Blowers sharing life's experiences at the Storm
A reunion with his old defence coach at Northampton in Auckland two years ago has culminated in former All Black Andrew Blowers tackling a threat to young Polynesian footballers - handling the demands associated with professional sport.
Blowers played the last of his 11 tests at the 1999 World Cup - a tournament that remains a personal and national disappointment - and emerged unscathed, physically and mentally, when his rugby career ended at English club Bristol a decade later.
But the 38-year-old flanker realised he was among a fortunate group of players that ably managed often unrealistic expectations and intense scrutiny before successfully adapting to life once the game was up.
As his career wound down, Blowers decided he wanted to work in the community with vulnerable youth and now that at times challenging journey has carried him from West Auckland to the Melbourne Storm.
When the well-travelled openside returned home after two stints in the UK the timing was ideal as he teamed up with a mentor who had made his life easier when he joined a star-studded Auckland NPC squad at age 20 in 1995.
Legendary loose forward Michael Jones was in the process of establishing the Village Sports Academy - a non-profit organisation which combines education and sport with a focus on life skills, leadership and aspiration building for disadvantaged students - and Blowers was determined to assist.
"It worked out perfectly.
"I always had a passion for youth and having gone through the professional environment you know the pitfalls for kids at that age. They're so vulnerable, they can go one way or the other," said Blowers, who was grateful to have Jones and Eroni Clarke for support when he made his provincial debut.
A Kiwi of Samoan heritage, Blowers completed the teaching diploma required to be a tutor at the VSA and then gained satisfaction by boosting the knowledge, fitness and prospects of teens with a troubled past and uncertain future.
"They'd dropped out of school with little education, no or low self-esteem, some of the kids dropped out of high performance academies because they couldn't turn up on time.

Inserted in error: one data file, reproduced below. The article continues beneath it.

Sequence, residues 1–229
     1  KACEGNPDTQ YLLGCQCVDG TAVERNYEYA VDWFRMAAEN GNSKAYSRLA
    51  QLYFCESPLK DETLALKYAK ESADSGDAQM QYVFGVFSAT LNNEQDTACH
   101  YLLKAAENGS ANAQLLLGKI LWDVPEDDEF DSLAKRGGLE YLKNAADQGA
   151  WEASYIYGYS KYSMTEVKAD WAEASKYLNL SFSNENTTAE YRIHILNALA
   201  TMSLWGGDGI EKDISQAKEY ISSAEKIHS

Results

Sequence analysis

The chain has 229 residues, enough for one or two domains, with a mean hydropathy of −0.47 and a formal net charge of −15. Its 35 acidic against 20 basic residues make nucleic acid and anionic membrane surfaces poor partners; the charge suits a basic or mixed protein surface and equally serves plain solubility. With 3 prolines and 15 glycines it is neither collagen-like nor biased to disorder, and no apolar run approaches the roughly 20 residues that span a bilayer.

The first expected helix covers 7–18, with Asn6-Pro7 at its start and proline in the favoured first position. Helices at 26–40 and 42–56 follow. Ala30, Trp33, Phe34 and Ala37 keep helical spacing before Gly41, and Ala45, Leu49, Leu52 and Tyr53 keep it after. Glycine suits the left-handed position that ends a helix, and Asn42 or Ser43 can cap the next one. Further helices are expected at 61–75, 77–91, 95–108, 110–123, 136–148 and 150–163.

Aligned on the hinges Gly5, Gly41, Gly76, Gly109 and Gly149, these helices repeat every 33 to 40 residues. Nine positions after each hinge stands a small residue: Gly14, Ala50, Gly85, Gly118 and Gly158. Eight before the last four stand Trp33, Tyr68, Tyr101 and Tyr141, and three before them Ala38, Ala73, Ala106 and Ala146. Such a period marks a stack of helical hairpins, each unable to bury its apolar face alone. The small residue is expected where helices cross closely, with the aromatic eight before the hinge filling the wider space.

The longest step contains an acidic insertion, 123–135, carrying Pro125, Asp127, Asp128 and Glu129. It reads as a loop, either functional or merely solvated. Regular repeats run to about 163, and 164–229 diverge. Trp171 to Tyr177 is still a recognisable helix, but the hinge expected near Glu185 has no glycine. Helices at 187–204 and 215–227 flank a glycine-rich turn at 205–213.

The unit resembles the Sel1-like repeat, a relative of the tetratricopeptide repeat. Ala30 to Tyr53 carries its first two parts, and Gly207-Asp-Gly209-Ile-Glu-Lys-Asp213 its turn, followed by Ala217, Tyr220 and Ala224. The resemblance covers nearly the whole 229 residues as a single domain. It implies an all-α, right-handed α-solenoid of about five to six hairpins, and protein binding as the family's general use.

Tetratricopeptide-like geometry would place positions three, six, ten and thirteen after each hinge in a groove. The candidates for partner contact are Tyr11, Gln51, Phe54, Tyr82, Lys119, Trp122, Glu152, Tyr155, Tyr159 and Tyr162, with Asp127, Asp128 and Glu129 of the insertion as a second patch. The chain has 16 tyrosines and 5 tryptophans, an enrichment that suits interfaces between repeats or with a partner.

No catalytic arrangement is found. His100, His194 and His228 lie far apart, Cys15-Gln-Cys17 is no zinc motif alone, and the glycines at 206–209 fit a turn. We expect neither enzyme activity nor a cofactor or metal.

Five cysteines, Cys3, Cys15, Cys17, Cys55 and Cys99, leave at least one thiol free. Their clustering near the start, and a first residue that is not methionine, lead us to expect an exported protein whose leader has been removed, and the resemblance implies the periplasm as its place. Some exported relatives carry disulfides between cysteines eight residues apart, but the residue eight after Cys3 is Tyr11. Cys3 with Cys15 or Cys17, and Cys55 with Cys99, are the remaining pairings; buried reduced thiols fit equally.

"We caught all those sort of kids and gave them another chance through sport. They came because they knew it was a sports academy but there were some really amazing outcomes in terms of education."
The VSA's successes have not gone unnoticed, even across the Tasman where Frank Ponissi, the Storm's general manager of football, recognised the deeds of a player he schooled on defence at the Saints.
Blowers played for Northampton from 2001-05 and he reconnected with the Australian during a Storm away trip to Mt Smart Stadium.
"Two years ago we had a casual catch-up in Auckland. I met a lot of their under-20s at the hotel and a lot of them were Maori and Polynesian boys. Frank knew what I'd been doing with the VSA and said if a role ever comes up . . . ." Blowers told Fairfax Media.
Finally, in July, there was a formal approach after the NRL financed an expansion of the player welfare development programme. Blowers relocated three weeks ago and after overseeing a 6am gym session for the under-20s on Friday, he felt his background at the VSA would assist a smooth transition.
"It's the same role, I'm just working with high performance athletes. A lot of the issues are similar. They're all youths, they go through the same things."
Blowers' appointment boosts an already prominent Polynesian presence in the player welfare and development programme with Nigel Vagana, Frank Puletua and the recently-retired Joe Galuvao all heavily involved. The challenges they often confront were highlighted by the suicides of budding first graders Mosese Fotuaika and Alex Elisala earlier this year.
Blowers, who will focus on the under-16s, 18s and the Holden Cup roster at the Storm, was shocked by the duo's sudden deaths but impressed by the NRL's efforts to prevent a repeat of those tragic losses.
"The NRL is trying to address those issues so the warning signs are being seen and we can react," said Blowers.
Obviously there was no formal assistance when Blowers made the top flight after being considered a future star while studying at Mt Albert Grammar.
Blowers also nominated Pastor Gary Collins, who succumbed to cancer a decade ago, as a potential saviour.
"He was a really awesome mentor for me. I was really blessed to have someone like that," he said.